Dr Howard Bradbury AM passed away in 2016 at age 89, his death is a great loss for the ANU and the Australian science community. Dr Bradbury was one of the first chemistry academics appointed to ANU, arriving in 1961. In 2007, Dr Bradbury was awarded a Member of the Order of Australia for his service to science as a plant biochemist.
Professor Bradbury dedicated 26 years to preventing the neurological disease konzo, which causes irreversible paralysis of the legs, often in children and young women. Konzo is caused by malnutrition and consumption of high levels of a cyanide compound found in cassava: a staple food in tropical Africa.
Dr Bradbury developed the simple and inexpensive "wetting method" that removes the poisonous cyanide compound from cassava flour. He also developed a test kit to measure levels of cyanide in cassava and other food crops.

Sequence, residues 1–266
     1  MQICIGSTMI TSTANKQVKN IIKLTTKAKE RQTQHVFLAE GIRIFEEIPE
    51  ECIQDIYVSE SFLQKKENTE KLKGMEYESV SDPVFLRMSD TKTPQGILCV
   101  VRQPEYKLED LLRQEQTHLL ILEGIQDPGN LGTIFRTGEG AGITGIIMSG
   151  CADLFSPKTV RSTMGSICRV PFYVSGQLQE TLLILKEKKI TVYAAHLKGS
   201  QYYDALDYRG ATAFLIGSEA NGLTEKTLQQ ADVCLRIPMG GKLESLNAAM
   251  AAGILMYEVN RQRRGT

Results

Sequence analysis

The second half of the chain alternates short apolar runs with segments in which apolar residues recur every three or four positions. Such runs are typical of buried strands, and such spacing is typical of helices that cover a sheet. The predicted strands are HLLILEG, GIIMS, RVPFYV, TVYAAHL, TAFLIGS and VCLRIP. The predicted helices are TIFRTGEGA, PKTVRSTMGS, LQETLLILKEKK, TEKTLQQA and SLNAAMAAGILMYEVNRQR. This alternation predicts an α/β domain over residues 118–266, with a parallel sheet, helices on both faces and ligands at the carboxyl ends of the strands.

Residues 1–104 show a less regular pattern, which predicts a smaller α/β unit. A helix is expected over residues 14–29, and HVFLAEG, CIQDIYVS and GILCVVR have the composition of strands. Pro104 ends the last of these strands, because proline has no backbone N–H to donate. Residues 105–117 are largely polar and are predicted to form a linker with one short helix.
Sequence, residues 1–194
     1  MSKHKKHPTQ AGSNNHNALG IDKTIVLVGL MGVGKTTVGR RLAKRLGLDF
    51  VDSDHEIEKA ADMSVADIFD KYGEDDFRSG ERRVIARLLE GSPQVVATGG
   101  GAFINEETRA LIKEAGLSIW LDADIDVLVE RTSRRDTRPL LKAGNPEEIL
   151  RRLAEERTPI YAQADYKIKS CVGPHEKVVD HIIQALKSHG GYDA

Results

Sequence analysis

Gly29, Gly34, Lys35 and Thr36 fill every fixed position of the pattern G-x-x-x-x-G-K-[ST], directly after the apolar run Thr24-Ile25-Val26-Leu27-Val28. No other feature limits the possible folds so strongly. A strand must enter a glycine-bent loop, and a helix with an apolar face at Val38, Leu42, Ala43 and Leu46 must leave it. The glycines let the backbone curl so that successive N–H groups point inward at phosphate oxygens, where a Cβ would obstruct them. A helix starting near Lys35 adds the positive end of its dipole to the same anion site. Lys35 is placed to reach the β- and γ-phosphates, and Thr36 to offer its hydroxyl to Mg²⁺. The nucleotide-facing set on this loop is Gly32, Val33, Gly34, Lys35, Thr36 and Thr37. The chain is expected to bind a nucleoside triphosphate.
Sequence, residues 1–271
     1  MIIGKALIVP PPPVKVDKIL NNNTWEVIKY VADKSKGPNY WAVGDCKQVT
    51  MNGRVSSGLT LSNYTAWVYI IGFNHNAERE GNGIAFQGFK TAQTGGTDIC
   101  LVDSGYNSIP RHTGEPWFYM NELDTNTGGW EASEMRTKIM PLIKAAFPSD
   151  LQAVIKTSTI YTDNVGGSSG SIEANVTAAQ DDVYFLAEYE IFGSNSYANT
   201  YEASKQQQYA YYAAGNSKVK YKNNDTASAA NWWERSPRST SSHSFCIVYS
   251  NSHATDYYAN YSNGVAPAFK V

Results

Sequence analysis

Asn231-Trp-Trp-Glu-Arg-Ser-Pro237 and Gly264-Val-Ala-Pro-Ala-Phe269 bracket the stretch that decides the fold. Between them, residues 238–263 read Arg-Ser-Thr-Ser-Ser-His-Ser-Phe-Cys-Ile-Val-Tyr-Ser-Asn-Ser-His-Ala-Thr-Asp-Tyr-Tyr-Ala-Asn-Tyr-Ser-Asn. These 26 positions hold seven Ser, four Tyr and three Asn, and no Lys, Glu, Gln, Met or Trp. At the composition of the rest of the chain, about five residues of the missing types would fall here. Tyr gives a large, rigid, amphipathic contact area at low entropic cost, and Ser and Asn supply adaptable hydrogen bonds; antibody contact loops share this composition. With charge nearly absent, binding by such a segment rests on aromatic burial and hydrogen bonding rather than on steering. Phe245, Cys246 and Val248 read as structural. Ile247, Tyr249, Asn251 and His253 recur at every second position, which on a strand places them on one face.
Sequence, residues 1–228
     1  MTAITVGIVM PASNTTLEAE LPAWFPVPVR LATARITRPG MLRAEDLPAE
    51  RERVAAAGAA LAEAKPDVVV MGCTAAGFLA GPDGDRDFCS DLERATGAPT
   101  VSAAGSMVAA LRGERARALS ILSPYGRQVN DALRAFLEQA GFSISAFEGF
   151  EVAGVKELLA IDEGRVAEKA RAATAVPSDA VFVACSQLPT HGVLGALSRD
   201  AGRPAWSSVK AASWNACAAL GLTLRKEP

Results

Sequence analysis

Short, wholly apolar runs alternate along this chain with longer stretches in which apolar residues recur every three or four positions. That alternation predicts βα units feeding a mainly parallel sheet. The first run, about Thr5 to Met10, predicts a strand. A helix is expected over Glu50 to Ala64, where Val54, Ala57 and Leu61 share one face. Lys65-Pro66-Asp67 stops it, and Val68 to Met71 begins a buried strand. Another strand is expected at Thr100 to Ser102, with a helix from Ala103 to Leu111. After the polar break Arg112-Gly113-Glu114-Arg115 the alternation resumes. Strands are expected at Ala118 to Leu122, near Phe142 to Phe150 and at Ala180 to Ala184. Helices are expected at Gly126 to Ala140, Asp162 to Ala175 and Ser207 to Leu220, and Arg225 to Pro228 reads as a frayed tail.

Konzo can't be cured, but it can be prevented by educating those who prepare cassava. Dr Bradbury worked in collaboration with local health authorities in the Democratic Republic of Congo to raise awareness of the "wetting method" and educate affected communities. This work has already prevented konzo in 16 villages across the region.
Professor Allen Rodrigo, Director, Research School of Biology, says:
"Someone like Howard reminds us about the other side of our work - the joy of doing good things, the value of others, and the role we play as citizens of a broader community."